Tag Archives: Health

Kingsport, Tennessee

17 Feb

One of the people I follow on Twitter mentioned that his hometown is Kingsport, Tennessee, a city that was the site of a major event in my family’s history.

The summer of 1991 was going along like any other. I was spending my summer break working on the loading dock at my dad’s business. My brother was running the manufacturing side of the business. My mom was handling things around the house. My dad, who we all leaned on, was overseeing it all. Then, the situation changed.

My dad drove to Kingsport for a meeting of a bank board of which he was a member, while we went through a typical day. Work was long and hot, and I was glad to get home to take a shower. I was in my closet getting dressed when I heard the phone ring, and I was still in my closet when my mom told me the news. My dad had a stroke after his meeting and was being taken to Holston Valley Medical Center.

After that moment, my memories become hazy. I finished getting dressed while my mom called my brother. At some point, we were all together with my grandparents waiting for a call from the doctor. We were under the impression that it had not been a serious stroke, but that impression vanished when the doctor explained that we needed to get there as fast as possible.

I cannot remember anyone talking on the drive to Kingsport, and it is not a short drive. I sat in the backseat as my brother drove. It AC was cranked up, but no one mentioned changing it. I stared out the window and remember thinking that we were going through downtown Knoxville pretty fast.

We arrived at the hospital and took the elevator to the Intensive Care Unit. That is when the gravity of the situation became apparent. All of the bank board members were lining the hallway in the suits. It was the most somber looking group I had ever seen. One of them took us to the ICU desk, and the nurse immediately got the doctor.

It was a conversation that I will never forget. My dad would probably die within the next three days. If he did not die, then he would remain in a vegetated state. Before going in to see him, the doctor explained that they were going to freeze his brain to stop the bleeding. If that did not stop the bleeding, then there was no chance.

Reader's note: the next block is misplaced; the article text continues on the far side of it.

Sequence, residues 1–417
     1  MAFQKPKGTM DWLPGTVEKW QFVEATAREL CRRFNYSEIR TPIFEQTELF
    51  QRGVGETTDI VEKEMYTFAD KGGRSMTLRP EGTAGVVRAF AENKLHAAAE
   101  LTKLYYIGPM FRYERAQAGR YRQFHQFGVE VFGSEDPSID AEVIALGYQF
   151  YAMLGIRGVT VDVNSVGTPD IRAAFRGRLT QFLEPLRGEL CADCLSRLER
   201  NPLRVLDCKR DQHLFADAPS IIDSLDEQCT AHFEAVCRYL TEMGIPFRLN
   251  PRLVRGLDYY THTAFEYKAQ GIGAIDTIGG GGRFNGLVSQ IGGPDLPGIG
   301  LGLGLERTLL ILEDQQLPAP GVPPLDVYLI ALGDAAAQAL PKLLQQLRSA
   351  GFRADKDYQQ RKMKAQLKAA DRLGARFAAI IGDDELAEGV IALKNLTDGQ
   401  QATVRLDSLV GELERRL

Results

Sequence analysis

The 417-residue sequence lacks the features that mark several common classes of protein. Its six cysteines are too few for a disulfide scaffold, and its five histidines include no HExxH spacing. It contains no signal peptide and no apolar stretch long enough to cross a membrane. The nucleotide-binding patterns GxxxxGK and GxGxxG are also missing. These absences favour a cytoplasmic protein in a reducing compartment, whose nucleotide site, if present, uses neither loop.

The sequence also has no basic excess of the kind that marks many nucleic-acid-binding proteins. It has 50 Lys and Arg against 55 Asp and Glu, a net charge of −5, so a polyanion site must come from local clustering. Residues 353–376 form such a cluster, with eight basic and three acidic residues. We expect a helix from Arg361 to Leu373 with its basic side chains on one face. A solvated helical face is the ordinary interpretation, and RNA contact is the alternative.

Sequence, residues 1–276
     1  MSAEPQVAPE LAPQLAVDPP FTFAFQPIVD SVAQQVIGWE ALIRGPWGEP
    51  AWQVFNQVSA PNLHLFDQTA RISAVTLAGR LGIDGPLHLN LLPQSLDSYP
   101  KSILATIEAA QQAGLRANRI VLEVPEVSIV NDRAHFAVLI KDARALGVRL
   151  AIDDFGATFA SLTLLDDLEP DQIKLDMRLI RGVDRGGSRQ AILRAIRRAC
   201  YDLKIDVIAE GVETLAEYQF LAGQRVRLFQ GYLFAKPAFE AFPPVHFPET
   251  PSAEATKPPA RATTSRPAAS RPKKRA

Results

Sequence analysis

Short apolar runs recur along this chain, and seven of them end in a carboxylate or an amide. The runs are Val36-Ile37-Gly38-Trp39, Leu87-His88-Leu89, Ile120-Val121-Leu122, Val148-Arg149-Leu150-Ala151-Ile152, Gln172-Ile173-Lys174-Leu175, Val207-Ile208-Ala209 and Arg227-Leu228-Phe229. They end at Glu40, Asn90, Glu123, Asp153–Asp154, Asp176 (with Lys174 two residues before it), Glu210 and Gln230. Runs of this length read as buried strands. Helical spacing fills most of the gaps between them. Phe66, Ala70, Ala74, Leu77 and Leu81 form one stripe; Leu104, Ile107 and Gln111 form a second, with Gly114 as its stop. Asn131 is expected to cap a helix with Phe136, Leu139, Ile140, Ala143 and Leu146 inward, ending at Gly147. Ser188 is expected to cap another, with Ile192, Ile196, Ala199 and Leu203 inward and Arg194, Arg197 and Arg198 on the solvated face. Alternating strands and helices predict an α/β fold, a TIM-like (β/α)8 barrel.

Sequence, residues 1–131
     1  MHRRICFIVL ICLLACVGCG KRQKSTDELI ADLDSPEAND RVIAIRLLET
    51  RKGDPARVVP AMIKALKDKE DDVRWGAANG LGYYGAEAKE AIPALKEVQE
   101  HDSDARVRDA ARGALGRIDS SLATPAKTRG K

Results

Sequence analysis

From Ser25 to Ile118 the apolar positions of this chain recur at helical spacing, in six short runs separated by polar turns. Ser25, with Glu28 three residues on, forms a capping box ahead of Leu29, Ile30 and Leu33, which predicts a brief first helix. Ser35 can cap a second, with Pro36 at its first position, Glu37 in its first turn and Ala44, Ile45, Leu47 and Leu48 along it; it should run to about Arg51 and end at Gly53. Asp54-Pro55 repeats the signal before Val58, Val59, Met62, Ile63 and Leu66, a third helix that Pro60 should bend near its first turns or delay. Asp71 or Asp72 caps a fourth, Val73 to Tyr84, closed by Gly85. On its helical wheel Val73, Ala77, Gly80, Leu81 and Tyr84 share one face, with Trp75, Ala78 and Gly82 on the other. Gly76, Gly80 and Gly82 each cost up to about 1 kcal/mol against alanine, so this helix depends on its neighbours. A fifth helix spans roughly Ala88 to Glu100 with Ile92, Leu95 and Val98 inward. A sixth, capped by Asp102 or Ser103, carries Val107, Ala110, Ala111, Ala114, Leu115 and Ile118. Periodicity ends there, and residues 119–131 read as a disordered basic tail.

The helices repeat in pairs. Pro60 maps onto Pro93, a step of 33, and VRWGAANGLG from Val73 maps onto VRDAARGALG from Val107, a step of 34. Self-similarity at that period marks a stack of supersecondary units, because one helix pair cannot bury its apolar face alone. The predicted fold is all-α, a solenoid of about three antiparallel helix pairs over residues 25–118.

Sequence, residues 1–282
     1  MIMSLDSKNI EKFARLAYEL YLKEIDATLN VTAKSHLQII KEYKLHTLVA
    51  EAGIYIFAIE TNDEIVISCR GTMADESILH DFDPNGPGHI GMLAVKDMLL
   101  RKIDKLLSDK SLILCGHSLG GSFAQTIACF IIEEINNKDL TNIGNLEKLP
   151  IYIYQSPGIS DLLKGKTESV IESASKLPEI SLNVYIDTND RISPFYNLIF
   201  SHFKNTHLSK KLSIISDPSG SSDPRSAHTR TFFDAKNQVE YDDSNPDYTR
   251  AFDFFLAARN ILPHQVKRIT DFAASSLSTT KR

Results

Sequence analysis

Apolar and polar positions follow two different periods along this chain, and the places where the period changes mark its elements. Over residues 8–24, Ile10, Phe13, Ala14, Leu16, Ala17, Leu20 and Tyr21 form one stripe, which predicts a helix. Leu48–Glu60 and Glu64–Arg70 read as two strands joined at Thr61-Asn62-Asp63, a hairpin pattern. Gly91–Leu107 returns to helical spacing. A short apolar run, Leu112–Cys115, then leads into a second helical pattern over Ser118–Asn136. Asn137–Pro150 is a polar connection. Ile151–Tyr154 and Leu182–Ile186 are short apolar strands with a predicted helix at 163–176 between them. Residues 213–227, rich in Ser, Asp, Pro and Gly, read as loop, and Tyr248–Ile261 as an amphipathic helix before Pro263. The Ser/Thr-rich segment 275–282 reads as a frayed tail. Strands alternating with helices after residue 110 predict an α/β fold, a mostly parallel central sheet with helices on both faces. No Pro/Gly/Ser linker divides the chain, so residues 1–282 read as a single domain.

My dad was hooked up to every machine imaginable. Wires. Tubes. It was as if the machines were keeping him alive. We talked to him without knowing if he could hear us or not. When we left, there was no plan. We had nowhere to stay and nowhere to go. My mom and I tried to stay in the hotel room that my dad had booked, but she could not stay there. That is when we were given a room in the family area of the hospital. The bed was terrible, but it did not matter. None of us could have slept.

That began our two weeks in Kingsport, Tennessee while my dad fought for his life. Most of that time was spent in the ICU waiting room with other families who were facing similar circumstances. In the days before cellphones, people could only call us at phone in the room. It was constantly ringing. Businesspeople. Politicians. From all over the country, people were calling. It got to the point where other families were mad because we were tying up the phone line. That is when we started taking calls at the nurse’s desk.

I can remember being hungry all of the time. There was a hotdog stand outside, and I ate more hotdogs than I could count. When the going gets tough, I eat. I can remember my mom promising God that she would never get mad at my dad again if he came out of this. We laughed and said that she should not lie to God during a time like this. I can remember my brother going back to work because somebody had to run the business. Our competitors were already lurking around our customers.

A lot of people made the long drive to visit us. My grandparents came up. My friend Chris came up with his new wife. My friends Robert and Dallus came up. I think they got lost on the way. I feel bad because after that long drive I wanted them to ride me around town. I wanted out of the hospital. We found an abandoned bridge, and I just sat on it for a while.

We also got a visit from Sister Stafford, a pastor and missionary from our town. My mom asked if she had driven all that way by herself. Sister Stafford replied, “No, God came with me, but God didn’t tell me how far it was.” She brought food and showed my mom how to bless him. She took my mom’s hands and told her what to say. By this time, my dad’s brain had stopped bleeding, and he was out of ICU. When my mom went to his room, she did as she was told. She laid hands on him and said the words. He looked at her like she was crazy.